MOTORING NEWS - President Donald Trump's plan to impose tariffs on Mexico will affect myriad industries, but few are as exposed as automakers.
Shares of several major automakers and auto suppliers dived five percent or more following Trump's announcement Thursday night that the United States would impose a five percent tariff on all Mexican imports on June 10, explicitly linking the trade action to a demand that Mexico crack down on illegal immigration.
The White House intends to gradually raise the tariff level until it hits 25 percent on October 1, a levy that "could cripple the industry and cause major uncertainty," said a note from Deutsche Bank.
Industry analysts estimate that about 15 percent of cars sold in the United States are imported from Mexico, while automakers also import billions of dollars' worth of parts manufactured by companies like Lear and Delphi.
The move comes after both Ford and GM have unveiled cost-cutting plans as the US market cools from a series of record-setting years.
"The US auto industry is already facing a number of headwinds, as new-car sales slow and higher interest rates put pressure on US consumers," said Michelle Krebs, an analyst at Autotrader, said in an email.
Trump said on Twitter that the tariff action will prompt companies to "leave Mexico... and come back to the USA."
But auto analysts have noted that the industry tends to make long-term investment decisions on manufacturing that are not easily reversed, viewing North America as a single market for supply chain purposes.
"The auto industry doesn't move at the speed of a tweet," said Jessica Caldwell, Edmunds executive director of industry analysis. "Without any details of exactly how Trump will measure success, at this point all automakers can do is hope this is just another empty threat."
The American Automotive Policy Council, which represents Fiat Chrysler, Ford and General Motors, gave "strong" support the Trump administration's efforts on the new North American trade pact, for which Trump formally kicked off the ratification process in Congress on Thursday.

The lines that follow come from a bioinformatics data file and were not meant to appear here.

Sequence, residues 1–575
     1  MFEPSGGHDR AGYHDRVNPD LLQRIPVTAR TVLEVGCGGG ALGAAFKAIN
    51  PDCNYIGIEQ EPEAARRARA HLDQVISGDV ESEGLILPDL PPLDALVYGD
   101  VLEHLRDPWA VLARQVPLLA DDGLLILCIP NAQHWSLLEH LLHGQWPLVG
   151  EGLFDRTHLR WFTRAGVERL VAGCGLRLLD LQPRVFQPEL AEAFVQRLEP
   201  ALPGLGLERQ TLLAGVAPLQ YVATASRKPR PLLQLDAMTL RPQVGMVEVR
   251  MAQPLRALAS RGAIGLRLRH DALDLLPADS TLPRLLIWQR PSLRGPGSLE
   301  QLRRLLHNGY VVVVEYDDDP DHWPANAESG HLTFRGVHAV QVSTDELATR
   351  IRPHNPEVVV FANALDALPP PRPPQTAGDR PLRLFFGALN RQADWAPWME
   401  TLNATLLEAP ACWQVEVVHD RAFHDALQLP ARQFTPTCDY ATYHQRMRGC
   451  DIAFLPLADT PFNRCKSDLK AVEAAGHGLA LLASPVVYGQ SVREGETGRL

"But it relies on duty-free access to be successful," said AAPC President Matt Blunt.
"The imposition of tariffs against Mexico will undermine its positive impact and would impose significant cost on the US auto industry."
Individual automakers declined comment Friday but have criticized prior Trump tariff measures and proposals in sharp terms.
Heavy impact on suppliers
Major models built in Mexico that would be hit by Trump's latest tariffs include the Chevrolet Silverado and GMC Sierra as well as Fiat Chrysler's Ram trucks, according to Deutsche Bank, which said a 25 percent tariff would add $23 billion in costs in total.
GM is building its new Chevrolet Blazer, a sports utility vehicle targeted at the US market, in Ramos Arizpe, Mexico, a move that has been a sore spot with the United Automobile Workers labor union.
The automaker, which has heavily promoted the new 2019 Blazer, earlier this year quietly removed the foreign-made vehicle from the Detroit Tigers' stadium, Comerica Park, and replaced it with an American-made Chevrolet Traverse, according to a report in The Detroit Free Press.
Auto supply companies such as Lear and Aptiv also will be hit by the tariffs.
Lear, which supplies seating, electrical distribution systems and software to automakers, builds parts in Mexico where it had 51,200 employees at the end of 2018, 30 percent of its total workforce and more than 10 times its staffing in the United States and Canada.
The company listed nearly two dozen production facilities in a US securities filing.
Operating profits for leading supply companies could be cut by as much as 50 percent, said Deutsche Bank.
"With the entire supply chain of certain components coming from Mexico, suppliers could eventually pass on much of the higher costs to automakers," Deutsche Bank said.